Left Forum is May 30th through June 1st

2014_conference_announcement
LEFT FORUM 2014
WHERE: John Jay College of Criminal Justice, The City University of New York
WHEN: May 30th through June 1st, 2014

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The Left Forum—the largest annual conference of left and progressive intellectuals, activists, academics, and the interested public in the U.S—will convene on the first weekend off June in New York City.

This year’s theme: Reform and/or Revolution: Imagining a World with Transformative Justice

Pressing questions loom for justice seeking social forces.

What is to be done today when a reform brings us one step forward, while leaving other important struggles worse off in the process?

Come to analyze, debate, build, ally, and strategize at Left Forum, 2014. www.leftforum.org

What type of movements will it take to overcome such challenges?
As the system fails so many so badly, activists for democracy, sustainability, equality, and the abolition of oppression and exploitation increasingly grasp their shared demand for basic social justice. Fifty years of anti-communism, anti-radicalism, hesitant social criticism, and activists’ mutual suspicions are fading into irrelevance.

What type of institutions, systems and societal conditions are possible when transformed conditions of justice no longer take the forms of, “the aggrieved speaking to the grievance alleviators”?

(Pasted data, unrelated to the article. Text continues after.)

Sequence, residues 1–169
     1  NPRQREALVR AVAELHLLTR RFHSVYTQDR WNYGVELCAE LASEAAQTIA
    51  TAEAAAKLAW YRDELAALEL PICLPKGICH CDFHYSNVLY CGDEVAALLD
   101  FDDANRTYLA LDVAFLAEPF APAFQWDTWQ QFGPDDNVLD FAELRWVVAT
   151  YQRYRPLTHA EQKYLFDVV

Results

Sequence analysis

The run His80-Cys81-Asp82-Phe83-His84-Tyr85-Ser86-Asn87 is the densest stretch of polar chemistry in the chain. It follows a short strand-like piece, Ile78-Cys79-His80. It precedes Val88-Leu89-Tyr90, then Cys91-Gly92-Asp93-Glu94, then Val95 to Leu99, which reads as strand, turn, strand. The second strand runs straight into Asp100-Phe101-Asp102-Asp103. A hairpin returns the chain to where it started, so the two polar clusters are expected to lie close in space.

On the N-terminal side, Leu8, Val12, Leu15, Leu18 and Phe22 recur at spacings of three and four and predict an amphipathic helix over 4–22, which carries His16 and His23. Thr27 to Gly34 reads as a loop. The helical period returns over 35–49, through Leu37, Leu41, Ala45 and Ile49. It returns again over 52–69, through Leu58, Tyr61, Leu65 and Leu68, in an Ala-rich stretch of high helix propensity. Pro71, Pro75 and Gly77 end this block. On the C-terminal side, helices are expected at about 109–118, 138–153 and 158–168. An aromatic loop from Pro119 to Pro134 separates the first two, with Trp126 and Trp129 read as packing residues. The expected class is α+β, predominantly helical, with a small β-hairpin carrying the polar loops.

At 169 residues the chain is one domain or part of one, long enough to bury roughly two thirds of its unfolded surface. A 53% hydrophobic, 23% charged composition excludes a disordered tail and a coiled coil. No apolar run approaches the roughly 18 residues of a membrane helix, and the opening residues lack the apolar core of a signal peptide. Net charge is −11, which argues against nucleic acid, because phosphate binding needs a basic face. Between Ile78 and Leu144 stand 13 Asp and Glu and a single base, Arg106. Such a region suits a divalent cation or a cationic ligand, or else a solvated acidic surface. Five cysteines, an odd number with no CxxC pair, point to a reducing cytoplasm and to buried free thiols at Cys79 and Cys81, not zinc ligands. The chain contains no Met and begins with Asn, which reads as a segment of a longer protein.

More than ever, people know that a new and different world is urgently needed. How do we get there from here: reforms, revolution, or strategic combinations of both?

Economic, political and cultural inequalities deepen inside every country. Class divisions sharpen. Social injustice brings us all to breaking points.

The world remains mired in the 7th year of capitalist crisis. The celebrated “recovery” benefits only the few who generated the crisis, while endless economic declines beset its victims, the vast majority.

Big business and the rich maximize social controls to protect and preserve their dominance. Everywhere they and their politicians impose austerities while reserving public resources to bail out banks and other failed mega-corporations. Capitalism’s “new normal” for most people features poor job and income prospects, unsustainable debts, ecological decline, and right-wingers aiming to deflect social discontent against their usual scapegoats.

Human and natural resources wasted and abused expose this system’s immense social costs. Even as the environmental crisis reaches epic proportions the forces of capital either sit idly by or actively oppose serious measures to address it. We can surely do better than this system. The 1% have managed the crisis for their benefit. The question is whether we can now solve the crisis and build a system that serves instead the 99%.

This question is on the minds of millions now, more than at any time in half a century. How do these issues raise the question of the relation of reform to revolution?

The Left Forum 2014 offers a place for us to explore and debate our common needs for reforms, a revolution, or both.

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